Cecil John Rhodes is a name that has become synonymous with “hate” over the past few years. Be it the hashtag #RhodesMustFall or the physical removal of a statue, most South Africans have no love in their hearts when it comes to the man.
With a long history of imperialism and race-related issues, let’s look at five facts about the man who played a key role (good or bad) in shaping South Africa’s history.
WHO WAS CECIL JOHN RHODES?
Young Cecil: The son of a priest
Cecil John Rhodes was born in the small town of Bishops Stortford in England on 5 July 1853. He was the son of a priest and fell ill with lung issues shortly after completing school. His family decided it would be best for him to visit his brother in Natal, South Africa.
Rhodes believed the business opportunities in South Africa would be more promising and therefore agreed to move. He arrived in South Africa at just 17 years old on 1 September 1870.
The first diamond powerhouse
When arriving in South Africa, Rhodes brought with him a £3000 loan from his aunt. He used the money after moving to Kimberly to invest in diamond diggings.
Once there, he met Charles D Rudd, who later became his business partner as the pair launched De Beers mining company. De Beers went on to be the “world leader” in the diamond market and still plays a key role in the industry today.
An undeniable imperialist and racist
While Rhodes may have gone on to effectively “rule” the British South African empire, the man was power hungry and viewed native black South Africans as “despicable”.
Rhodes spoke constantly throughout his life of his total devotion to the extension of the British Empire. He believed that the Englishman was the greatest human specimen in the world and was born to rule as much of the world as possible.
The man himself had a lifelong dream to see a “ribbon of red” across the entire African continent. In short, he wanted to see the continent under complete British rule. Rhodes also wanted a railway line that ran all the way from the Cape to Cairo in Egypt.
He wasn’t just a standard racist though, in an 1877 paper for Oxford, he spoke openly about how it would be “good” for black Africans to be brought under British rule.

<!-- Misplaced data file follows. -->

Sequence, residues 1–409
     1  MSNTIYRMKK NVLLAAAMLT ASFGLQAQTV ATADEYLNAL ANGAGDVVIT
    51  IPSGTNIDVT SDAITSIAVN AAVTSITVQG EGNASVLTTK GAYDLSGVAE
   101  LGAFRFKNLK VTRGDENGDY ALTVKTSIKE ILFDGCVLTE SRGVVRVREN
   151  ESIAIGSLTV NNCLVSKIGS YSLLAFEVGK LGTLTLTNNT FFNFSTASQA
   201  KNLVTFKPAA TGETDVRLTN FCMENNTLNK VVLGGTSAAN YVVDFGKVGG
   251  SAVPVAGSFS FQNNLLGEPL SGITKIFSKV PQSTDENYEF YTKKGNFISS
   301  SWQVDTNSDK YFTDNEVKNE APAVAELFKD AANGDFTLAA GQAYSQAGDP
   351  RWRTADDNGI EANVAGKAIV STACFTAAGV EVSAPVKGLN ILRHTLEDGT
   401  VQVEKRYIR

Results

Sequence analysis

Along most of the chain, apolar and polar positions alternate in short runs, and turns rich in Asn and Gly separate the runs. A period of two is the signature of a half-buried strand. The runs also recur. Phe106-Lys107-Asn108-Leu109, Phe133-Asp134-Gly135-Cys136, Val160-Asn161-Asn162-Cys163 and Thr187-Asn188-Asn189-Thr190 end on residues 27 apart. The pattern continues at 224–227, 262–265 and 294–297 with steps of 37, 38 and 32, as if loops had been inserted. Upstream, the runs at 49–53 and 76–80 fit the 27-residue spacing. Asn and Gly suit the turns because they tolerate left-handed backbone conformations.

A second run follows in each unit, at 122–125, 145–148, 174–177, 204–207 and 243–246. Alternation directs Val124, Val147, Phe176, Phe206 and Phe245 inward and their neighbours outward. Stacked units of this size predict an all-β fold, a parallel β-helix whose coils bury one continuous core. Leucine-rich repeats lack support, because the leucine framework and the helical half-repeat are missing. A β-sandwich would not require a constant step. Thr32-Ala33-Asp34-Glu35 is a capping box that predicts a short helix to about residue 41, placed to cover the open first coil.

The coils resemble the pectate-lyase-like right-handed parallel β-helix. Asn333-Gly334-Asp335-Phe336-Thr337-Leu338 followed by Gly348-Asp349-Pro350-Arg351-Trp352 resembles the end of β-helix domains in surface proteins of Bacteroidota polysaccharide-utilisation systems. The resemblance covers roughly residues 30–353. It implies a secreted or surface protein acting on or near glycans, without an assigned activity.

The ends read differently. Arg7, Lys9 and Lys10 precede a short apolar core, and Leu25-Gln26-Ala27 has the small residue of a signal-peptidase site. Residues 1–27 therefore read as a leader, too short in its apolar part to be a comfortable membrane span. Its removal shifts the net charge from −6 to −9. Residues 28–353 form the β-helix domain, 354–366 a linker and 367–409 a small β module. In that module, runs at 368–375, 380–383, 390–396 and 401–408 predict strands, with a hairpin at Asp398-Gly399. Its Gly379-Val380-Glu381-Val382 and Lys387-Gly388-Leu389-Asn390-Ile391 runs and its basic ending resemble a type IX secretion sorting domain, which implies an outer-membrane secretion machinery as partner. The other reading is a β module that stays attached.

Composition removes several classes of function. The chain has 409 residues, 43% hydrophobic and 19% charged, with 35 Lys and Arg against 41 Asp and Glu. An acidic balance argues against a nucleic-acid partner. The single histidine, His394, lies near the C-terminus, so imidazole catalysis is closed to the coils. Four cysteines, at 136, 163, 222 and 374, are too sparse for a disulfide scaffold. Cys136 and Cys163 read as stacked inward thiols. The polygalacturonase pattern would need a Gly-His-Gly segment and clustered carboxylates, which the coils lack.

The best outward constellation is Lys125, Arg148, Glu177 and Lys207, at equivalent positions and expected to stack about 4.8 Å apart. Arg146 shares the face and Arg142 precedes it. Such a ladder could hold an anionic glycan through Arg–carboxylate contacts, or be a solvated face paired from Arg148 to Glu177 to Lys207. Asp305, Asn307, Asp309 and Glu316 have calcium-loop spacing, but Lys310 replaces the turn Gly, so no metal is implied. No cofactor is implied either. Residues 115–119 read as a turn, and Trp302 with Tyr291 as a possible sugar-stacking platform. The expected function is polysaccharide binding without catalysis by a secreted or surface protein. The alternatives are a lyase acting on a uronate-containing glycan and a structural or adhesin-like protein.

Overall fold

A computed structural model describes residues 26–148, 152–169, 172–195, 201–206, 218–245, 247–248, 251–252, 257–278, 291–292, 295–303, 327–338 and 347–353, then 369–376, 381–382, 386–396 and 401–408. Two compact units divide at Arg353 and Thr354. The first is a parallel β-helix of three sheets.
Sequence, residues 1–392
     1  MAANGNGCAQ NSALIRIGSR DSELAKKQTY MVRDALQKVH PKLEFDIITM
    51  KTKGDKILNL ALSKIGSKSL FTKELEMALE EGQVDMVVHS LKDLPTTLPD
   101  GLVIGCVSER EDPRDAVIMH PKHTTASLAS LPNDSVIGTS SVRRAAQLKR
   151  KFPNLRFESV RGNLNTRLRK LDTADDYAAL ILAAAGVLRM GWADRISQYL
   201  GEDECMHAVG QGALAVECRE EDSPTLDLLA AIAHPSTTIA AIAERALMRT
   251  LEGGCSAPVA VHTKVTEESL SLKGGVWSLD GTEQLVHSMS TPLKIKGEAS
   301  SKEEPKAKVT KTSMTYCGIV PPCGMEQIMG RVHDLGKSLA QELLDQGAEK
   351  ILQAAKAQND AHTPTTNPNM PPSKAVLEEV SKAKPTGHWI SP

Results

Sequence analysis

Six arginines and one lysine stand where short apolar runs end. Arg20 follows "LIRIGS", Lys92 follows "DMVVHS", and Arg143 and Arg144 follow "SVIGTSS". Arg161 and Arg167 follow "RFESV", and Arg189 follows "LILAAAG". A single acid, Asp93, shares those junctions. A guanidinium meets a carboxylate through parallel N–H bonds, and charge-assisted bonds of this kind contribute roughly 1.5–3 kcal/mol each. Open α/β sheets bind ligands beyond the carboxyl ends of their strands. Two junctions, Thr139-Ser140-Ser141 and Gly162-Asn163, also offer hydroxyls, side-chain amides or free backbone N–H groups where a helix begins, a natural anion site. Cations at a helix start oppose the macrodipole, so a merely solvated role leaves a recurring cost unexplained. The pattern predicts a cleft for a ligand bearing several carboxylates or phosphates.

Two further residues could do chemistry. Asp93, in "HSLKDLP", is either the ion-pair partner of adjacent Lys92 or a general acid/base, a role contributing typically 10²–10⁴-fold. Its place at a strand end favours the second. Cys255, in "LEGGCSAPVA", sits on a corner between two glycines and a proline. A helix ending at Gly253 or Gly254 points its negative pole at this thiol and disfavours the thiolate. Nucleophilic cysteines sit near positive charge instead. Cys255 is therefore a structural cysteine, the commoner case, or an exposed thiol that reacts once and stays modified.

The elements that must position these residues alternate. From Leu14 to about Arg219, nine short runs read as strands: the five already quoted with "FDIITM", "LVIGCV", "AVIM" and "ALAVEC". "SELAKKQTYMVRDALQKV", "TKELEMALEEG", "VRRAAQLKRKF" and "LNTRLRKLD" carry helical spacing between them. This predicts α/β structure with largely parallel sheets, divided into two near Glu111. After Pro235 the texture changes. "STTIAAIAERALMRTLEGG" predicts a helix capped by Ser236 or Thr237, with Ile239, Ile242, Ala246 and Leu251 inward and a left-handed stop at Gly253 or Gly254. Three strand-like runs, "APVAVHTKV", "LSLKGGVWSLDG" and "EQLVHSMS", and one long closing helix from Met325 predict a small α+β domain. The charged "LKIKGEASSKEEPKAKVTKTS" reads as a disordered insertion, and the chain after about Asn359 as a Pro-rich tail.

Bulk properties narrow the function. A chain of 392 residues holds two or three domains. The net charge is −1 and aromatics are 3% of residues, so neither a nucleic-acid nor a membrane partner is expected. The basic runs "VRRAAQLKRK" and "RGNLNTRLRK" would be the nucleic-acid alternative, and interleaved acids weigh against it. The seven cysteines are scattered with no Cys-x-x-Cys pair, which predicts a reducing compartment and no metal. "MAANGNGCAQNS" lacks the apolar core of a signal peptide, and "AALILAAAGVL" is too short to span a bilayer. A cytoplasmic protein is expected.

“I contend that we [white Englishmen]are the first race in the world, and that the more of the world we inhabit the better it is for the human race. Just fancy those parts that are at present inhabited by the most despicable specimen of human being, what an alteration there would be in them if they were brought under Anglo-Saxon influence…if there be a God, I think that what he would like me to do is paint as much of the map of Africa British Red as possible…”
The 7th Prime Minister of British South Africa
Rhodes joined the Cape parliament just ten years after arriving in South Africa. He spent a further ten years building up his political career before becoming the 7th Prime Minister of British South Africa, or as it was known at the time, the Cape Colony.
He lasted six years in the job before being forced to resign after embarrassingly underestimating the Boer resistance.
Rhodes attempted to overthrow the Transvaal government but his police officers retreated at the first sign of resistance. He had assumed that ordinary citizens would join the raid but the few involved were easily chased away.
A country, scholarships and a university
For there to be a hashtag such as #RhodesMustFall, there had to be a lot of a Cecil John Rhodes empire to fall. The country now known as Zimbabwe was named Rhodesia after Rhodes in 1985. The territory had recently been captured from locals after multiple bloody wars.
He combined the area into one country known as Rhodesia. The country eventually achieved independence from the British in 1965.
Rhodes was a big fan of education and founded two scholarships with Oxford University in 2012.
As per Rhodes’ will, the goal of the scholarships was to promote leadership among “young colonists with the moral force of character and instincts to lead for the furtherance of the British Empire.”
Only men were allowed to apply.
“For the bringing of the whole uncivilised world under British rule, for the recovery of the United States, for the making the Anglo-Saxon race but one Empire”
In the years since, multiple scholarships have since been started with Rhodes name and include women and people of colour.
Rhodes University in Grahamstown, Eastern Cape, was also named after Rhodes due to a grant from his trust.